2. Incubate 500 µL diluted blood with 100 µL anti-GPA (CD235a fluorescein isothiocyanate [FITC] clone KC16; use at 20 µL/100 µL cells) antibody and 10 µL anti-CD59 antibody (clone MEM43; use at 2 µL/100 µL cells) for 15 minutes in the dark.
  3. Incubate 110 µL diluted blood with 22 µL anti-GPA antibody for 15 minutes.
  4. Spin at 500 g for 3 minutes and carefully discard supernatant.
  5. Resuspend in 1 mL CellFixTM.
  6. Incubate at room temperature for 30 minutes in the dark.
  7. Add 2 mL PBS, then spin at 500 g for 3 minutes and carefully discard supernatant.
  8. Resuspend in 600 µL and 110 µL PBS, respectively.
  9. Rack vigorously (or pipette) to dissociate aggregates.
  10. Pipette 100 µL single-stained RBCs in an FCM tube and acquire 250,000 events (tube 1).
  11. Distribute 90 µL double-stained RBCs in tubes 2-6 and 100 µL in tube 7.
  12. Take 10 µL single-stained RBCs and dilute serially in tubes 2-6 by carrying 10 µL each time to the next tube.
  13. Acquire 1,000,000 events.
Tube CD235a CD59 CD235a PNH clone
1 0 100 100%
2 90 10 10%
3 90 10 1%
4 90 10 0.10%
5 90 10 0.01%
6 90 10 0%
7 100 0 0%

Data analysis

The tables below show the results of a spiking experiment in which a PNH blood sample was spiked with normal blood. The same experiment can be used to check the sensitivity of detecting PNH monocytes and neutrophils, although the number of monocytes and neutrophils is typically lower and thus results in lower sensitivity than that achieved with RBCs.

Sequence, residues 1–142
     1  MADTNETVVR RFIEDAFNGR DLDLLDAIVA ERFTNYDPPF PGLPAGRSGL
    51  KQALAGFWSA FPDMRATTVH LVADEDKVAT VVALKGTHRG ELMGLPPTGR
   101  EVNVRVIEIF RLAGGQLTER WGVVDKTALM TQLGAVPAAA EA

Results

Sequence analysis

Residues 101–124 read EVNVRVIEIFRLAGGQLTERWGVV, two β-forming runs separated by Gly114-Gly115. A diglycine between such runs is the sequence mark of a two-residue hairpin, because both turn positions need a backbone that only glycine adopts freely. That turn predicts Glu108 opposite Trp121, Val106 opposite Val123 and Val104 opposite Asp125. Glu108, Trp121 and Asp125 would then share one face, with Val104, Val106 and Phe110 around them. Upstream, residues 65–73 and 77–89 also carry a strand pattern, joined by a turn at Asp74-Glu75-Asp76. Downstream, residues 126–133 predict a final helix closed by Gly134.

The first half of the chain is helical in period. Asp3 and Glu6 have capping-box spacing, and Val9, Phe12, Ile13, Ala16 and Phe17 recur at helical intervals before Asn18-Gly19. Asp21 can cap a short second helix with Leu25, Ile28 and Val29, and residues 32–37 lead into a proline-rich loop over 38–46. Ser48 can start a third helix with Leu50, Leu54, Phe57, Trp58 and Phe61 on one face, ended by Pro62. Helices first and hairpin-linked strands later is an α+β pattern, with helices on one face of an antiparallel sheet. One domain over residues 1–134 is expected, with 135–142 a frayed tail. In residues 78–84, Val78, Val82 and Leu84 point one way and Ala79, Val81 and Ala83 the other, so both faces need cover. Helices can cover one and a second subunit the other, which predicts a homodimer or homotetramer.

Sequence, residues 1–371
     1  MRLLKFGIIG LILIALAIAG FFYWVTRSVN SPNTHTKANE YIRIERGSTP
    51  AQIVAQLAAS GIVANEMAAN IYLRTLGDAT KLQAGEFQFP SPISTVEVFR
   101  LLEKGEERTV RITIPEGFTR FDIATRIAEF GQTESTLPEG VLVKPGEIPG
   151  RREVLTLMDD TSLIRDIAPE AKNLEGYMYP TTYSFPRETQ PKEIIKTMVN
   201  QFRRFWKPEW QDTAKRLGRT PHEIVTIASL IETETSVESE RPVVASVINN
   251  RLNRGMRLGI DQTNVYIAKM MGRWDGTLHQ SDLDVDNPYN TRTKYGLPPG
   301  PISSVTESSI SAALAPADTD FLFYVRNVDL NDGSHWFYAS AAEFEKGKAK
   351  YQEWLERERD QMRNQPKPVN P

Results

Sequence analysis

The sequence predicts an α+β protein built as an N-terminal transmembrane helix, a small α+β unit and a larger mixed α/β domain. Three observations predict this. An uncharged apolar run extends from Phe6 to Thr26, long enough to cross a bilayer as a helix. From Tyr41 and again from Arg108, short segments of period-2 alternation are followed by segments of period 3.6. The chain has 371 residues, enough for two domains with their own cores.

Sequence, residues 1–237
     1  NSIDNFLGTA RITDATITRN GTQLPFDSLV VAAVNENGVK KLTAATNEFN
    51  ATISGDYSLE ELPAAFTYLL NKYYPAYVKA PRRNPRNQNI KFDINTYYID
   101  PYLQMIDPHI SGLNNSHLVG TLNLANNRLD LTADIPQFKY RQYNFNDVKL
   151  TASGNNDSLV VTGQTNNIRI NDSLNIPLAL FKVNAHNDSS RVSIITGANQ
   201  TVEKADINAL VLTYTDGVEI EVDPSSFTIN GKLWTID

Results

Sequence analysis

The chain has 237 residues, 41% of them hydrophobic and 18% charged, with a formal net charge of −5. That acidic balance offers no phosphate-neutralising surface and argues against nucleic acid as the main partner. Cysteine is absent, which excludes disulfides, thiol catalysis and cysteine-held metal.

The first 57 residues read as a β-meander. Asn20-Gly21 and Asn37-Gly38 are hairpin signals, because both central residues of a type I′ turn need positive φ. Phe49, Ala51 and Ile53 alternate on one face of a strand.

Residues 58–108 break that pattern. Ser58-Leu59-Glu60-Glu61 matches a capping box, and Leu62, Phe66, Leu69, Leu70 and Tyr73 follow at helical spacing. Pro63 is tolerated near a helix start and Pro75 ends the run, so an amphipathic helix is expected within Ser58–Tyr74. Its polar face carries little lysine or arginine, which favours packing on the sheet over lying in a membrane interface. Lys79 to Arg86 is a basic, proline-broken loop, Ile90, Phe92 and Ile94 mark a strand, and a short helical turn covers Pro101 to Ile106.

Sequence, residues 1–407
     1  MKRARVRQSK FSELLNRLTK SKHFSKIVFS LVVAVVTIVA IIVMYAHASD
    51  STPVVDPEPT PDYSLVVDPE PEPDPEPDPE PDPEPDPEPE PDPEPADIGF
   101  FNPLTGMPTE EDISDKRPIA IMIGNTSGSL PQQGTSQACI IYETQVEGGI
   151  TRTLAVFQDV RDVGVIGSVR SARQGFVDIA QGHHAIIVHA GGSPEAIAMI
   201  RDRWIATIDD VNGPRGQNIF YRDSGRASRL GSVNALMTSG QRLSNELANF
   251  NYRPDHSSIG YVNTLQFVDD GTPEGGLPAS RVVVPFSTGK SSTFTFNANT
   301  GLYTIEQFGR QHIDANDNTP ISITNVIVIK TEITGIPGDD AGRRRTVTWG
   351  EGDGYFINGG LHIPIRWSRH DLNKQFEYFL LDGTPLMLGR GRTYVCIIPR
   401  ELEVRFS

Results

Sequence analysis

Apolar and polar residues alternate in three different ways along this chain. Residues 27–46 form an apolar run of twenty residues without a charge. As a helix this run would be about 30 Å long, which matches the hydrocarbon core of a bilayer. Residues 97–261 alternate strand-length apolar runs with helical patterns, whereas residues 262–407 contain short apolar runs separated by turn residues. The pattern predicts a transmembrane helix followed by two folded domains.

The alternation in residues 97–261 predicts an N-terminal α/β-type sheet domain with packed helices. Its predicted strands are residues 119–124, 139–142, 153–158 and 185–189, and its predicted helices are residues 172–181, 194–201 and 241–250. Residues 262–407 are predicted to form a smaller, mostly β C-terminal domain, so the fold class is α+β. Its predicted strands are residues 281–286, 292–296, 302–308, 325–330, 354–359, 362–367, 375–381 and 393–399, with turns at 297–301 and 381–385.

4-colour neutrophil assay sensitivity

Dilution PNH neutrophils Sensitivity, %
Neat 51,420 91.3
1:10 5799 9.4
1:100 573 0.94
1:1000 91 0.089
1:10,000 9 0.01

4-colour monocyte assay sensitivity

Dilution PNH monocytes Sensitivity, %
Neat 12,718 89.8
1:10 1227 4.1
1:100 112 0.4
1:1000 13 0.044
1:10,000 ND ND
ND, not detected

2-colour RBC assay sensitivity (based on 1,000,000 RBCs collected in data files)

Dilution Type III RBCs Sensitivity, %
Neat 348,626 34.86
1:10 17,665 1.77
1:100 1822 0.18
1:1000 203 0.02
1:10,000 18 0.0018
RBCs, red blood cells

Quality control on lymphocytes